Bookshelf: Winter 2014
Nickolas Butler ’02 of Fall Creek, Wisconsin, is having great success with his debut novel, Shotgun Lovesongs (Thomas Dunne/St. Martin’s Press): it’s become a national bestseller; Fox Searchlight has purchased the film rights; and People says that it “sparkles in every way. A love letter to the open, lonely American heartland… A must-read.” It’s the tale of four male friends who came of age together in a tiny Wisconsin farm town. Now in their thirties, they examine their lives’ diverse paths, with a focus on the character inspired in part by Butler’s high school friend Justin Vernon: the musician Bon Iver.
A century has now passed since World War I began. Mark Van Ells ’90, MA’92, PhD’99 asserts that the world has largely forgotten America’s role in the colossal struggle, and he aims to change that through America and WW I: A Traveler’s Guide (Interlink Books), dedicated to longtime UW history professor Edward Coffman. Van Ells shares the accounts of doughboys as they moved from U.S. training camps to the European front lines, traces the American experience, and takes readers to battlefields, memorials, and unmarked sites. Van Ells is a travel writer and a professor of history at Queensborough Community College of CUNY in Bayside, New York.
Kenneth Vogel ’97’s years covering the intersection of money, politics, and influence as a Politico reporter in Washington, DC, have given him plenty of fodder for his “rollicking tour of a new political world dramatically reordered by ever-larger flows of cash.” His book is Big Money: 2.5 Billion Dollars, One Suspicious Vehicle, and a Pimp — on the Trail of the Ultra-Rich Hijacking American Politics (PublicAffairs). Vogel has won numerous journalism awards and analyzes politics on national television and radio.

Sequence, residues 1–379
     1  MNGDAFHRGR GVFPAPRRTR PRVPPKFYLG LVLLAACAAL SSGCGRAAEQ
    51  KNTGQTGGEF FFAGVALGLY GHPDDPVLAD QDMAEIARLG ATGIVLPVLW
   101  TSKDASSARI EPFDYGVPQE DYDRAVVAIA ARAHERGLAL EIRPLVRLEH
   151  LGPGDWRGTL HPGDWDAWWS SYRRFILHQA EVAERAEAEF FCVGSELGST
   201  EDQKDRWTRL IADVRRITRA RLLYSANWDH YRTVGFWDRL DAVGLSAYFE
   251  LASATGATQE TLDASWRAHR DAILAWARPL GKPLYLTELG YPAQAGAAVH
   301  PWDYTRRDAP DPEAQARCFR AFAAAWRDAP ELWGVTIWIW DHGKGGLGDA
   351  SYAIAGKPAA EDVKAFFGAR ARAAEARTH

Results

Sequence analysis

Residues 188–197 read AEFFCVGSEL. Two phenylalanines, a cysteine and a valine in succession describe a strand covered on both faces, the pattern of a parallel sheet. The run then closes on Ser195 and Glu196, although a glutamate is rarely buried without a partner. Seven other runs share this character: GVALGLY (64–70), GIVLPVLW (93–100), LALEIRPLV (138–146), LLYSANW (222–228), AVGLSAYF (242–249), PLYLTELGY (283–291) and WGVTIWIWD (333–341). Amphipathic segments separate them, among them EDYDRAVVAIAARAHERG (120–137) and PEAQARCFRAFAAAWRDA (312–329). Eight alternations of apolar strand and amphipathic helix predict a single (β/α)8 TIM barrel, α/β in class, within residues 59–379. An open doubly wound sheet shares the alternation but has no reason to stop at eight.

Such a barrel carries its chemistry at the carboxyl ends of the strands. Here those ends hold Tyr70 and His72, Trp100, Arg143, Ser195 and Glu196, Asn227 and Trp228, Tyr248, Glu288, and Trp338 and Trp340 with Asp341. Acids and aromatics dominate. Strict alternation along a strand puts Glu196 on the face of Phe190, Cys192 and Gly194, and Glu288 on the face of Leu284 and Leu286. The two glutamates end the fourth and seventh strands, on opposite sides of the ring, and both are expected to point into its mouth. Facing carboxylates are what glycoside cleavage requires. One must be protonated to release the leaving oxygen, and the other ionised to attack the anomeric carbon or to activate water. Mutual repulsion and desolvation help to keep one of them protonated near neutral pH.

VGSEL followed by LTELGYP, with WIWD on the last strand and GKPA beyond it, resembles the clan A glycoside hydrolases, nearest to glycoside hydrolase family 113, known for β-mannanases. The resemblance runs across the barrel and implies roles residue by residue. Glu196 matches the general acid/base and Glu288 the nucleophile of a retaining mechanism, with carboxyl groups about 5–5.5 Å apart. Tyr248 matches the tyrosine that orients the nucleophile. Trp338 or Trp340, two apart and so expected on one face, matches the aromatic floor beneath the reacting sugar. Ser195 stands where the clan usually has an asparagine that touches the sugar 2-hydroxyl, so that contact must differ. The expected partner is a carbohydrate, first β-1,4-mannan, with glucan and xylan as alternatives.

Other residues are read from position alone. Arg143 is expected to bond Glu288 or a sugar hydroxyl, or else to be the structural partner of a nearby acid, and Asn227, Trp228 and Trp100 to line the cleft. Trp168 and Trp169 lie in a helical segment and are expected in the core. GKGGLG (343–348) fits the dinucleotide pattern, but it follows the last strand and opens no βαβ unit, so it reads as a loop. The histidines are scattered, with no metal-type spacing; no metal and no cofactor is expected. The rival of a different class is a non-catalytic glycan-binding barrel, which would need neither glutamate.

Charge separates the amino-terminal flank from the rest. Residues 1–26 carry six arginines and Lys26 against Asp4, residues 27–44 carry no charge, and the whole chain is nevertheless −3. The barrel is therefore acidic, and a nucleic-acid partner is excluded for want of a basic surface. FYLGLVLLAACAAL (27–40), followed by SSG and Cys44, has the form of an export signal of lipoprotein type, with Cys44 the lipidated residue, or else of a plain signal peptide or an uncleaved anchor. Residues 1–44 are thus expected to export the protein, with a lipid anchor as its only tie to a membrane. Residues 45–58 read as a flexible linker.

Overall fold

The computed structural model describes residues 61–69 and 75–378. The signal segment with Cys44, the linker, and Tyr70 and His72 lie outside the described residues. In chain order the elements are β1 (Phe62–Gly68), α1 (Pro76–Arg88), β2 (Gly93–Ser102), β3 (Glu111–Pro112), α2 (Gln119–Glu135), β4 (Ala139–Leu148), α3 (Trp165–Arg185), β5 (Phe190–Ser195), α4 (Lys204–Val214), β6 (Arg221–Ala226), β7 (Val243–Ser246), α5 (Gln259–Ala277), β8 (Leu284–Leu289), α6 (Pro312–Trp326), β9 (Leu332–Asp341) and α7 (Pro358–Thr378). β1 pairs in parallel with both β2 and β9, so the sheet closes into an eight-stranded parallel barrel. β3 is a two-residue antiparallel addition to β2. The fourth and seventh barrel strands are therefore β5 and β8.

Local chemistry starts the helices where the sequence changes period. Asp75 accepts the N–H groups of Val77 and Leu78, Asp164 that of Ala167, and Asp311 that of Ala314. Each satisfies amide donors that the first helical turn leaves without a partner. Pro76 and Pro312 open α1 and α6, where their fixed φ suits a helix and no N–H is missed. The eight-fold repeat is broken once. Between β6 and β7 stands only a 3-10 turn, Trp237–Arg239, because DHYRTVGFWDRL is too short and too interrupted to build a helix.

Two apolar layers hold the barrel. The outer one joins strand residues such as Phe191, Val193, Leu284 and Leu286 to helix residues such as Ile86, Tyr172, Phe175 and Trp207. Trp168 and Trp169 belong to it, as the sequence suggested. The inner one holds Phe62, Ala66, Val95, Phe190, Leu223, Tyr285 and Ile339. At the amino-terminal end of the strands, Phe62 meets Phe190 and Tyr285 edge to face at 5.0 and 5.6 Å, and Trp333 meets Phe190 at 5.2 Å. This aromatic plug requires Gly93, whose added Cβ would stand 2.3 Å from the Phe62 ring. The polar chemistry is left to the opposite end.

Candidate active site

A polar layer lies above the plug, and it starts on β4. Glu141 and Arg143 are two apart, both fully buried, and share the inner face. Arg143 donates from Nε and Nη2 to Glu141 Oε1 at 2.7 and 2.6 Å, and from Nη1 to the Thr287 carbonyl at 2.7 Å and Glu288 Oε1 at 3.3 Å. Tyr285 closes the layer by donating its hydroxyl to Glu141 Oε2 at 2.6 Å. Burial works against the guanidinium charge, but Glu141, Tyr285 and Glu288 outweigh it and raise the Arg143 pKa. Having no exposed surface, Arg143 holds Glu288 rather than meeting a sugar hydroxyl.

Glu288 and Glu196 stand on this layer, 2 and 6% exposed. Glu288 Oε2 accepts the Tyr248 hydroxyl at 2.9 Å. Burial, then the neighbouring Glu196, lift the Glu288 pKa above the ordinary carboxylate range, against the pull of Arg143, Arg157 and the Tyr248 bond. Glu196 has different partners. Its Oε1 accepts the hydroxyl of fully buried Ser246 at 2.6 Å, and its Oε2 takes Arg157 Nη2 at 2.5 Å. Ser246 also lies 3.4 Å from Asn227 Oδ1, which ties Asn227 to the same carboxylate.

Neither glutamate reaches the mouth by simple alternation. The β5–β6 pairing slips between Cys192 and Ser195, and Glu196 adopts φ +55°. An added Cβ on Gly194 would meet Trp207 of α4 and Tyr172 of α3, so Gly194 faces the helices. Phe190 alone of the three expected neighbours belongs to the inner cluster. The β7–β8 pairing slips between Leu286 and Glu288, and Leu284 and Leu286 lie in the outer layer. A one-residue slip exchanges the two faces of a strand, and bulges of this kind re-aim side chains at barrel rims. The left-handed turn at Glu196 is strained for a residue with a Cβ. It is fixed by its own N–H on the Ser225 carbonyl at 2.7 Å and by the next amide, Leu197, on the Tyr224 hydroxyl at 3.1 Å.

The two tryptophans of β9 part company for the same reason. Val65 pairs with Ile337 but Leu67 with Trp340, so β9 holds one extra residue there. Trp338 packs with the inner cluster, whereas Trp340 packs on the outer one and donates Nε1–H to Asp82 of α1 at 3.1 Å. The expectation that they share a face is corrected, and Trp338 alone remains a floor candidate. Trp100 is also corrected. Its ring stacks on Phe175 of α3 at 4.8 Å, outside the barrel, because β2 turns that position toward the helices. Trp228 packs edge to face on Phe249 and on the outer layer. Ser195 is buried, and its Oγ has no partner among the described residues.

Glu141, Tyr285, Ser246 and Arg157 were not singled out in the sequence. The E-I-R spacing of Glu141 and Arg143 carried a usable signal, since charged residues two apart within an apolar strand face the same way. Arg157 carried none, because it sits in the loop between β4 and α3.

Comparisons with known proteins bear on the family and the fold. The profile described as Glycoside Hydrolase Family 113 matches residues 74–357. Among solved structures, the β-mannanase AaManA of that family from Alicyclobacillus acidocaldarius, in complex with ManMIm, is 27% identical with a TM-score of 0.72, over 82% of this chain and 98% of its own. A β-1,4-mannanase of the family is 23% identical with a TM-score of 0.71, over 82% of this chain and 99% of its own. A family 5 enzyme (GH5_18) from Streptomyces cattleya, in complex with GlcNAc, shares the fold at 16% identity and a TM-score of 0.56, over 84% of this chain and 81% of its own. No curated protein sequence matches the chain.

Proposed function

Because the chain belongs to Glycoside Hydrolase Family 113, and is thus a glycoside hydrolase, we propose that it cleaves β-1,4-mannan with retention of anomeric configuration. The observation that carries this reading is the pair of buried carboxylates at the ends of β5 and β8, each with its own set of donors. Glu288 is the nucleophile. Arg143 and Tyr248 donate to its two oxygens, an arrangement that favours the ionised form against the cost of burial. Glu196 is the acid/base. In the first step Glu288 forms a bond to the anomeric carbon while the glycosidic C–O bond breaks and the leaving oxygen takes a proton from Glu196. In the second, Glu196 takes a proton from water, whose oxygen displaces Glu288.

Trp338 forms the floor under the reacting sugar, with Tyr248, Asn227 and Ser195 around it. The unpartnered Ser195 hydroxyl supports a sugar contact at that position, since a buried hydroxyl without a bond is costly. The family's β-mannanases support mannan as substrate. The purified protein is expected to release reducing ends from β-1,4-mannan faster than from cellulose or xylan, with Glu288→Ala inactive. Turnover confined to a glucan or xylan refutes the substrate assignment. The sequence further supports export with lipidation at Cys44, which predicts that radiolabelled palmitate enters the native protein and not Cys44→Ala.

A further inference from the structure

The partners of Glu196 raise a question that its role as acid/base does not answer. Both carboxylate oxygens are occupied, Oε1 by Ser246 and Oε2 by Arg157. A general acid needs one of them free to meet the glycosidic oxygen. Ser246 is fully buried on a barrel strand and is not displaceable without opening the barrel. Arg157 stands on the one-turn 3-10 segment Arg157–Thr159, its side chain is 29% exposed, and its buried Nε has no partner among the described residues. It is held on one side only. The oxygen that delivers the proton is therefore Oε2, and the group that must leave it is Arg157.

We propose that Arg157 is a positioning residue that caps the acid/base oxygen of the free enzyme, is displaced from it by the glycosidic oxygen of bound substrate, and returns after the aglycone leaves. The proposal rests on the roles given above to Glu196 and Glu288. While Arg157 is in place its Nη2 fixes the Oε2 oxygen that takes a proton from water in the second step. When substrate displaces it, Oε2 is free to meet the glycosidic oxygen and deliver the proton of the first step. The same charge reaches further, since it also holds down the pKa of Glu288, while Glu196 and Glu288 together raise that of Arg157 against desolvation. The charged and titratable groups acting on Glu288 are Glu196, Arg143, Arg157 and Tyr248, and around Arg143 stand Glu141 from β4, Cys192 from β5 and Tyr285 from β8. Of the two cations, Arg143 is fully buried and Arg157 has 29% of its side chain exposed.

Madisonian Stephen Laubach MS’00, PhD’13 has devoted his new novel, Living a Land Ethic: A History of Cooperative Conservation on the Leopold Memorial Reserve (University of Wisconsin Press), to the history of the 1,600-acre reserve surrounding the revered naturalist Aldo Leopold’s famous “shack” and to its stewards. The shack — a laboratory of sorts — was where Leopold found the inspiration to write his iconic A Sand County Almanac. Laubach also unearthed rare footage of Leopold fly-fishing, available at stephenlaubach.com/living-a-land-ethic. He works for the UW Arboretum’s Earth Partnership program.
As an authority on twentieth-century literature, thought, and culture, Jerome Klinkowitz PhD’70 has examined the writings of Frank Lloyd Wright x1890 to link “his organic architecture with literary (as opposed to architectural) postmodernism.” In Frank Lloyd Wright and His Manner of Thought (University of Wisconsin Press), Klinkowitz contends that it’s Wright’s importance in cultural history — his concepts for living that transcend architecture — that makes him the object of such fervent interest. Klinkowitz is a University Distinguished Scholar and professor of English at the University of Northern Iowa in Cedar Falls.